Wikipedia tells me that there were neolithic longhouses, single entrance no windows, housing 20 to 30 people, villages containing 5-8 houses
an example

the advent of high tech allowed more complex strucutres with more functional perforations.

Would this not be in the TL6 ball park?


Alexis Smolensk said...

Kimbo, it is very hard to get this, I know.

Does every high functioning post-Neolithic culture possess the features you describe, everywhere? Did they achieve them at the same time? Why?

I am not viewing the world as a single entity. Why do you insist on providing examples as though it is?

Matthias said...

I'm really loving these 'world from scratch' posts Alexis, and I really appreciate you sharing your efforts and reasoning with us all.

I, for one, don't find it particularly strange that some communities might have developed animal husbandry and farming but not the defensive structures made possible by the 'discovery' of masonry. Plenty of reasons might lead for the absence of incentives for the development of static, built defensive structures (I'm inspired, in this regard, by James Scott's excellent book, The Art of not Being Governed, which talks at length about the strategies of 'uncivilized peoples' to remain uncivilized, including specialization of farming techniques to keep groups on the move and out of the reach of more organized and bureaucratic nearby communities). Here are a few ideas:

- lack of necessary materials (or the technology to transform available materials into useful inputs for such construction);
- low population density making the effort to construct permanent structures not worth the cost of investing time and energy in such structures (i.e. an opportunity cost problem, combined with collective action/coordination difficulties, as well as the perception that attacks are rare, and the harm done is limited when they occur);
- the nature of tech-6 warfare: perhaps mobility is more important than static defenses and supporting a specialized warrior class to proficiently use these defensive structures; perhaps natural, environmental advantages are useful enough, most of the time, for the community to organize a defense and/or protect more vulnerable community members;

These all might explain why a community might find it unnecessary to develop masonry and invest in fortifications, even of the most primitive sort. Another reason might be that defensive structures might be built out of softer material, and that the near-nomadic lifestyle of these communities might also suggest that there is no incentive to build hard structures to hoard the communal bounty within such structures. In other words, if wealth is the communal hoard of dried fish and yams, you have no reason to build stone walls and watch-towers: at this level of development, your greatest wealth are the individual members of your community and their offspring. The best protection for them is constant scouting of the lands around, and a decent emergency plan for when a more powerful neighbor comes too close for comfort.

Just a few thoughts which I hope might be useful.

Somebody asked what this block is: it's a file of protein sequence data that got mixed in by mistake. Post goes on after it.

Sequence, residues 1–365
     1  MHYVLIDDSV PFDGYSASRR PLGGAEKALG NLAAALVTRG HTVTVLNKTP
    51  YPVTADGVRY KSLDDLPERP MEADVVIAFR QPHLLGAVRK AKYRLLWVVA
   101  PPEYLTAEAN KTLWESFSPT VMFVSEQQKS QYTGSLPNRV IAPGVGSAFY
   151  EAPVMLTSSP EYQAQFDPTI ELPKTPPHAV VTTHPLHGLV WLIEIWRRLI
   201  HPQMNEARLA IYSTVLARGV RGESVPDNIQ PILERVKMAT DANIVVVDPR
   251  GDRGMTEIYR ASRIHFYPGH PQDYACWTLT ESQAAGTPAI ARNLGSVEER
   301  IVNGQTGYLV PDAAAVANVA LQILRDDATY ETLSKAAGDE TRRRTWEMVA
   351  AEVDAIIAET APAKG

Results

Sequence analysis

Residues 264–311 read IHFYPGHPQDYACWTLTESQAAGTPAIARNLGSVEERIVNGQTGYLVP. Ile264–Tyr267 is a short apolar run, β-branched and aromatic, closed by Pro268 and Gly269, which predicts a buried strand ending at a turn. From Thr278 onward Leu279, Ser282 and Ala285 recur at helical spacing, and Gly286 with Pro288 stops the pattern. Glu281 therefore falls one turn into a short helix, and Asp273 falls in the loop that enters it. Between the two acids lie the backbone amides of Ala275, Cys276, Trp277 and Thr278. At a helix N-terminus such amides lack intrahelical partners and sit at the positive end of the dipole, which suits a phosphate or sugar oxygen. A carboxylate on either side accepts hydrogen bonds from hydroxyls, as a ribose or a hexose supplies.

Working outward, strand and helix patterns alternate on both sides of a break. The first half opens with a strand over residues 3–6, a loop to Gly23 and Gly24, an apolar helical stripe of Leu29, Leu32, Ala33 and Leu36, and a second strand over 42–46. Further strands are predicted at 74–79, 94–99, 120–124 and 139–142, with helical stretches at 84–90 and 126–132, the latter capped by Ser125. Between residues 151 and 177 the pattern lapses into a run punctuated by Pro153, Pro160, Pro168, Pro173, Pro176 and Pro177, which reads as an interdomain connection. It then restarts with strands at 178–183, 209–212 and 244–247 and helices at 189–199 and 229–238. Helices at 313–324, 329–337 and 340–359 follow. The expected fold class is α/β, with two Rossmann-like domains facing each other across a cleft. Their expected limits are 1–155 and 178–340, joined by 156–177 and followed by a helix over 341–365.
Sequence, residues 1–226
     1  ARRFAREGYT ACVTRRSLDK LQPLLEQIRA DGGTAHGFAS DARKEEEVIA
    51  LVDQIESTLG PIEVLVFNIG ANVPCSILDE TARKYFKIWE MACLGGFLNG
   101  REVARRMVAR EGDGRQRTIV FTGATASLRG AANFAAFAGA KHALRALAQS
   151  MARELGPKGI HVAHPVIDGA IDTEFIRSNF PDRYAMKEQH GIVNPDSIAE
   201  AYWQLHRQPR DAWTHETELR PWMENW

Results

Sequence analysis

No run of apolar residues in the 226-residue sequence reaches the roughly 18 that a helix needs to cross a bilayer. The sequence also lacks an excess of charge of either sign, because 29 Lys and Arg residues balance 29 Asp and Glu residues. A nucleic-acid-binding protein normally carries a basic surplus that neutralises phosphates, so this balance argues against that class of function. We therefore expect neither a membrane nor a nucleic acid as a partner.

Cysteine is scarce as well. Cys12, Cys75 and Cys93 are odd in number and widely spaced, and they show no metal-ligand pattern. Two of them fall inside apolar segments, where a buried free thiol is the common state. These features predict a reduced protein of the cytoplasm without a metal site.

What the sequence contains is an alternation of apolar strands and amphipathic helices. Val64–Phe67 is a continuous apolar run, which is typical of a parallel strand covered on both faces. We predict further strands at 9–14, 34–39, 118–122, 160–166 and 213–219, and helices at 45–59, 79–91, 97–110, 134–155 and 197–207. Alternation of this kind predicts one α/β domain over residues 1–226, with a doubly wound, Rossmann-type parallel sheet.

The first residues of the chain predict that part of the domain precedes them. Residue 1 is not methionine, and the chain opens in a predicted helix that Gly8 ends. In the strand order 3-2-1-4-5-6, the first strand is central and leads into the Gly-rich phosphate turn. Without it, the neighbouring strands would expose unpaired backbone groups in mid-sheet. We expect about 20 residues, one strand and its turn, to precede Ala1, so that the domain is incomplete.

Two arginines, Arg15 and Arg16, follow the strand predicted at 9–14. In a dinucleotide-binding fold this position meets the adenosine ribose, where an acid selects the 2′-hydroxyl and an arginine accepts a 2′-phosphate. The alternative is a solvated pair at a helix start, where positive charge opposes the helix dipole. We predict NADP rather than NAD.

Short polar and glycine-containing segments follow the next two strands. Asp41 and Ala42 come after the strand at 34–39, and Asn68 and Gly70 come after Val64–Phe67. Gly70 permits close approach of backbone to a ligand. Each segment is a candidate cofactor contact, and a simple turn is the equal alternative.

Vlad Malkav said...

Hello Alexis,

I'm happy to see the subject of Tech Levels back !

Sadly I don't have much to say about your current quandary. How can a given Tech-Level can be easily described isn't easy - part of which is also because many earth-cultures don't have a "full" tech level, but have developped what suits (or is needed / forced by) their situation.

As much as I loath it, maybe using real-world examples, with some notes indicating that such and such tech is / is not available ?

All said, however, your work here is impressive.

Stan Polson said...

Is the tech level meant to be uniform down-column? In other words, are civilizations given a general tech level or do they have various tech levels for each group?

Please disregard if that's answered in an earlier post. I just found your blog and am working my way backwards. I think the tech levels are a great idea and I am super excited to read about 6-mile production hexes in greater detail as that's a problem I haven't worked on yet but it has been on the horizon as I make progress on my AD&D 2nd Edition build for hexcrawling.

Anyway, my intuition is that the problem is at least partly a disconnect between the coarse-grain abstraction of tech levels and the high resolution of the information you're attempting to put into them. The more precisely defined the tech levels are made, the more accurately they can support useful information while simultaneously the information they are built to contain becomes less reliably related to the tech level--if that makes sense. You may find it necessary to apply some kind of bonus/penalty modifier based on a variable like terrain or climate, although of course that defeats the point of an at-a-glance table. Unless you wanted to do the work on the front end and pre-modify the tables by culture? I dunno. I look forward to your solutions.

Alexis Smolensk said...

The difficulty is hammering myself into the tech level concept; like anyone else, I have preconceptions and habits that say a culture ought to have this or that.

Primarily, I want to use the tech system to limit the resources a player can count on - so they have REASON to approach high level cultures in order to obtain specific things, while retreating to low level cultures in order to enjoy the freedom from a restrictive social expectation. The players can then use the nuance to decide how high they want to go or how low, as it suits them.

You haven't seen it yet, Stan, but the tech levels are based on a given region's population density. The size of the region is not considered; but small regions tend to have a greater density. My game has more than 1,500 regions, so there's plenty of options.